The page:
Big day for incumbents in county

Loudon County Mayor Rollen ‘Buddy’ Bradshaw, right, celebrates with Brian Walden after learning he will serve another four-year term as county mayor.

Loudon County will see plenty of familiar faces in elected positions over the next four years after incumbents took the majority of races in the May 1 primary election.

Rollen “Buddy” Bradshaw will remain Loudon County’s mayor for the next term. He defeated Loudon County Commission Chairman Steve Harrelson 4,585 votes to 3,769.

“It’s adrenaline just dumps when you start seeing the results, seeing it added up,” Bradshaw said. “I knew chairman Harrelson ran a good race. I knew he was going to be a strong opponent, and so I knew I had to get out and work hard, and that’s what I did. Looking at the shoe leather I’ve went through again this time around, it’s rewarding. When it all comes together it’s so rewarding. This isn’t just for me, this is for my supporters, my family — I have to thank my family. This is a team effort. To have friends and relatives to rally around, that’s just incredible. I’m truly blessed.”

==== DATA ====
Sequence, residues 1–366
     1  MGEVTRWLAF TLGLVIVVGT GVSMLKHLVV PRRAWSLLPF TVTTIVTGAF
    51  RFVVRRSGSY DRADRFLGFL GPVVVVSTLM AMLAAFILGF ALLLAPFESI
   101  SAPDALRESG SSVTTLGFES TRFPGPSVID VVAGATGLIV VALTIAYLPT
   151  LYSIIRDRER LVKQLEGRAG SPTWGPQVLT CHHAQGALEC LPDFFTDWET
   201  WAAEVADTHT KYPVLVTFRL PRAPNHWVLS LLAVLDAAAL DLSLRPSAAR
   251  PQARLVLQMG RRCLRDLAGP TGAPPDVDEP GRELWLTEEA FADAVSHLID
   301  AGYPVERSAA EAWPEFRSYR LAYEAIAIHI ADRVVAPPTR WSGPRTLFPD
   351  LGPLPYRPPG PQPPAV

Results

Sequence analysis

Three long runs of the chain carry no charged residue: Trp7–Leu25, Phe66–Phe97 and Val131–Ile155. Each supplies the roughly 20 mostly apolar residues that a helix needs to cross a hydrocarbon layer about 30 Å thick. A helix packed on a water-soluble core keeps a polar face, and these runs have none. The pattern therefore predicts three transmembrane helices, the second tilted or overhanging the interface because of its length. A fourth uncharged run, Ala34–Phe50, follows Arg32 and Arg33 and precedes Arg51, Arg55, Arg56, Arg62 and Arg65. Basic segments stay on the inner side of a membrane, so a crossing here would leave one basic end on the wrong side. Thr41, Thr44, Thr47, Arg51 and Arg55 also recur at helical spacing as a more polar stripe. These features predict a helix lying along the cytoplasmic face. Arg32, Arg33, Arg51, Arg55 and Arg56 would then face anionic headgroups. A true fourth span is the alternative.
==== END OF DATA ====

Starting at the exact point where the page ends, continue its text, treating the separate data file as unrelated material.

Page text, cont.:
Harrelson believes both sides worked hard and congratulated Bradshaw on the win.

“I just thought Buddy worked hard and did a good job, and I just want to congratulate him on the next four years of being Loudon County mayor,” Harrelson said.

Bradshaw won nine of the 15 precincts and had the largest vote total in any precinct with 658 votes in Loudon, where Harrelson garnered just 218 votes. Harrelson’s highest vote total came in Eaton where he received 619 votes to Bradshaw’s 452.

“It’s back to work,” Bradshaw said. “Of course, I’ll have to pick up a lot of signs, but it is back to work. We’ll keep on going on the route we’re going on, and we’re going to continue to try to make Loudon County better every single day. This is, it’s a load off. It’s not more 16- to 20-hour days, and we’re going to go back to work and keep right on going.”